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Are Your Business’ Data Backups Compliant?

Protecting your company’s data involves more than putting it in a safe place and keeping it secure. Of course, you must keep it intact and be able to retrieve it in the event of an IT system failurefocused attack or unplanned event – that’s a best practice for any business. But at that point, you’re only getting started.

That’s because today’s data moves at ever-accelerating speeds as it interconnects with ever-more-interdependent systems and networks – especially with the increased prevalence of cloud computing. If you work in a highly-regulated industry such as healthcare or financial services, you need to be aware of any potential government-mandated rules or other industry guidelines that may apply to your business when it comes to data storing data and record keeping.

There are rules for every industry

In Canada, the Digital Privacy Act and the Personal Information Protection and Electronic Documents Act (PIPEDA) establish fairly strict guidelines regarding the storage, use of, and access to, personally identifiable information. But while PIPEDA broadly covers several industries, some regulatory frameworks are a bit more focused.

In the retail sector, for example, the global Payment Card Industry Data Security Standard (PCI DSS) establishes a framework merchants must follow to maximize the security of transactions and ensure the safety of cardholder data. And businesses in the transportation and logistics industries are subject to regulations from the Canada Border Services Agency that dictate minimum periods for data and records retention.

Among other requirements, rules can dictate how long data must be retained and in what form, the processes to be followed for recovering data from archives and how data must be encrypted. If you fail to accommodate these requirements within your data backup planning and implementation, you may, despite your best intentions, find yourself out of compliance and subject to consequences that could include fines, limitations on business activities, and damage to your corporate reputation.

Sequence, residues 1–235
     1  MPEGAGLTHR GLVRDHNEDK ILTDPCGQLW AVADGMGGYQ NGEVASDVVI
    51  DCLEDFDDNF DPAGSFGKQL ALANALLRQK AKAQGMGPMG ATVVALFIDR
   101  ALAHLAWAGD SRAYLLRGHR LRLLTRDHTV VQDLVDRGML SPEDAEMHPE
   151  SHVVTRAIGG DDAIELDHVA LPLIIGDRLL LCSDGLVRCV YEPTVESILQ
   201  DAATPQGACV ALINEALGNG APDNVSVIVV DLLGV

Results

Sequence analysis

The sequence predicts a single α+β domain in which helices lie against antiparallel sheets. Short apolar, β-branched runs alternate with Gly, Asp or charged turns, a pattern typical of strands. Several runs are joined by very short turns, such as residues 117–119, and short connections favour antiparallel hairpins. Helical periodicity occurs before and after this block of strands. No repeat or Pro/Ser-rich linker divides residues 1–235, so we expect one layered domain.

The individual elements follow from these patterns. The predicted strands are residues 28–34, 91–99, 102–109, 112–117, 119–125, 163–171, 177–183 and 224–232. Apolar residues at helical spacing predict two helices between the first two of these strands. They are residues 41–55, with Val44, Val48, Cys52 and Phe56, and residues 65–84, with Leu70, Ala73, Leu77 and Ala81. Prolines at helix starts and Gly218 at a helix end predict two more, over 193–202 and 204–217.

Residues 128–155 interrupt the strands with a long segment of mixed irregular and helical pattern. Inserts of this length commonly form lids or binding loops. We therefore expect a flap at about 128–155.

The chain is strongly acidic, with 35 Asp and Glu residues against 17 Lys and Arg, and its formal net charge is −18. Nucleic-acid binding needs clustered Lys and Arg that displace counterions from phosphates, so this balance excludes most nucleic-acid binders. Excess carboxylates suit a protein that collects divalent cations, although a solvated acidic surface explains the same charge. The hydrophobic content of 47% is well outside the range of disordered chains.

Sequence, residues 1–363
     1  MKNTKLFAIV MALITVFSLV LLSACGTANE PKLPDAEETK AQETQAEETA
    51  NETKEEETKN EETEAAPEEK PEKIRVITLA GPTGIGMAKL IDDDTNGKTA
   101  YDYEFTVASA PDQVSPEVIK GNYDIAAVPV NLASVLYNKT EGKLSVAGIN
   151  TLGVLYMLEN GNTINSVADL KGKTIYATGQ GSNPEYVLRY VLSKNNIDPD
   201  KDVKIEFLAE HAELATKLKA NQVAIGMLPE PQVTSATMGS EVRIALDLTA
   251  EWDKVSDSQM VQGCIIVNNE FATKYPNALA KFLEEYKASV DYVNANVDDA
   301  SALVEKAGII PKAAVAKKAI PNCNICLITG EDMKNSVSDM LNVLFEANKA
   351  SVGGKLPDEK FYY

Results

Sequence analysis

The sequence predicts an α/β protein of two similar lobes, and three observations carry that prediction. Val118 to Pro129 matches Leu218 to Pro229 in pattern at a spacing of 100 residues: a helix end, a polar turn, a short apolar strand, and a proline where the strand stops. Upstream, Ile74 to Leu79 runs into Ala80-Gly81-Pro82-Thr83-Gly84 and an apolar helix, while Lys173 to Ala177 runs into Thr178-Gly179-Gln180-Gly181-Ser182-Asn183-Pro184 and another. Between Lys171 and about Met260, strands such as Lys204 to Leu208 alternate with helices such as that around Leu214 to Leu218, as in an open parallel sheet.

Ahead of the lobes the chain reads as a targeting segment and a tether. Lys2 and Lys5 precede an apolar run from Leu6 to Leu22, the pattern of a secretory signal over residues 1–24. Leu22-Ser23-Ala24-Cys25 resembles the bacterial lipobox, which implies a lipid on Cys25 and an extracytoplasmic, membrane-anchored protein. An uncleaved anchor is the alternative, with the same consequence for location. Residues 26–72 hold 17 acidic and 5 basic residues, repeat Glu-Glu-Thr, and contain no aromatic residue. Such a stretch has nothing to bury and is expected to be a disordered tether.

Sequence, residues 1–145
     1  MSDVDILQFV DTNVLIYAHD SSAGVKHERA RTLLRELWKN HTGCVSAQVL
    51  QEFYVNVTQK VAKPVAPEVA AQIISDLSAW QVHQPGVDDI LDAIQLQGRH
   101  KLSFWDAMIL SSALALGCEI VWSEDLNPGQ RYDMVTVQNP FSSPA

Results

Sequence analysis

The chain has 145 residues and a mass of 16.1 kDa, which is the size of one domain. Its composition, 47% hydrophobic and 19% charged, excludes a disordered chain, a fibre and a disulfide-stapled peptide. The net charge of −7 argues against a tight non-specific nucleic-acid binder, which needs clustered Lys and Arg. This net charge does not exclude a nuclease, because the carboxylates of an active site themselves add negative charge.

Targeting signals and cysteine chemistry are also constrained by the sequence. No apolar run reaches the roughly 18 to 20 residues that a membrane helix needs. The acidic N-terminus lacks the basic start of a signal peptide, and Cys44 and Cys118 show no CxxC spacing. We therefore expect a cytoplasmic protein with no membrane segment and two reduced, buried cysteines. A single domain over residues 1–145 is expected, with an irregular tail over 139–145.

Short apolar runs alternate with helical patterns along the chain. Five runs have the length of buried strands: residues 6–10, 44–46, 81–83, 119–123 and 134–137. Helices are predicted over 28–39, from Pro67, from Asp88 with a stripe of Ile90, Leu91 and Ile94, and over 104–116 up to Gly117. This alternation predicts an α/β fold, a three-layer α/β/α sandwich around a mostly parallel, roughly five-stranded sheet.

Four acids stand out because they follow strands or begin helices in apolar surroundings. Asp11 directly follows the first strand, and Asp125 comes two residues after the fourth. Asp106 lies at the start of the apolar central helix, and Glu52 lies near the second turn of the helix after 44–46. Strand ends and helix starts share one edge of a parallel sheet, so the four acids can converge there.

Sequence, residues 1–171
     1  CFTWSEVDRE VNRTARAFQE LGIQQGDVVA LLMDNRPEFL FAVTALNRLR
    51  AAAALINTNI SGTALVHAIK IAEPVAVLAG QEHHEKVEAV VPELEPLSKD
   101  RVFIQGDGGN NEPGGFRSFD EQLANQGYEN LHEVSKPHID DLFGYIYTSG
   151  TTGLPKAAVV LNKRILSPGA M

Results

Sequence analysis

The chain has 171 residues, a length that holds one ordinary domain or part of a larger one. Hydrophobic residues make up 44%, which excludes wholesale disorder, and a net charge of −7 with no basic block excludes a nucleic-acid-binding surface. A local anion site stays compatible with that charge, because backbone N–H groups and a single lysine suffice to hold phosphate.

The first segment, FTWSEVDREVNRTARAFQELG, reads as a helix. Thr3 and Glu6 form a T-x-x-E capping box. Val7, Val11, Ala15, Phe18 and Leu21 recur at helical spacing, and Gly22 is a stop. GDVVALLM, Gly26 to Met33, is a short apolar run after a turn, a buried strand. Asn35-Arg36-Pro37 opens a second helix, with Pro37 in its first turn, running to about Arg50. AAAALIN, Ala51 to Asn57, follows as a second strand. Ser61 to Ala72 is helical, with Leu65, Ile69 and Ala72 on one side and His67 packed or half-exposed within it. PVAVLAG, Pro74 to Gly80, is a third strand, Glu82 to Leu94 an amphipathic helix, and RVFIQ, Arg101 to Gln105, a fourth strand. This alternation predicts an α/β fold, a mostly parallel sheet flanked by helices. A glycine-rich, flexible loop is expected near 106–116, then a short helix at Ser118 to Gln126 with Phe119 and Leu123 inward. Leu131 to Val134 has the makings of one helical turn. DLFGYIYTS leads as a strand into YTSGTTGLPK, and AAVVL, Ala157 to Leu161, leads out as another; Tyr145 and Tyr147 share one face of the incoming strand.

How you can identify applicable rules and guidelines

Regardless of which industry you are in, it’s up to you to identify the regulatory frameworks that apply. Ultimately, you’re responsible for adapting your data backup and management protocols accordingly.

The federal Privacy Commissioner of Canada’s website has a wealth of useful information and resources to help businesses and individuals. They have tools that outline the federal, provincial and sector-specific legislations that may apply to your organization based on the type of information being stored – and who to contact for more information – as well as a comprehensive self-assessment tool for businesses for evaluating how well they protect personal information.

How cloud-based services can help

On its own, data backup and recovery planning can seem overwhelming for a small business. Add regulatory compliance to the mix and it can seem even more difficult. But it doesn’t have to be, because a growing range of cloud-based services are now available that both maximize data availability and ensure ongoing compliance with common data security and record keeping rules and guidelines.

This evolving market is good news for companies that have often worried about finding enough qualified people and resources to keep ahead of a shifting regulatory landscape. Solutions like Data Protect, for example, offer continuous offsite backup, data encryption, and easy file retrieval – with all data stored in secure Canadian data centres.

The bottom line

When it comes to data management, regulatory compliance is a critical factor for businesses of all sizes. Businesses operating in industries that are subject to specific rules for data backup, management and recovery often have no choice in the matter – they must comply, or face the consequences.

Have you assessed your own company’s regulatory requirements? What rules does your business have to follow? Let us know in the comments, below.

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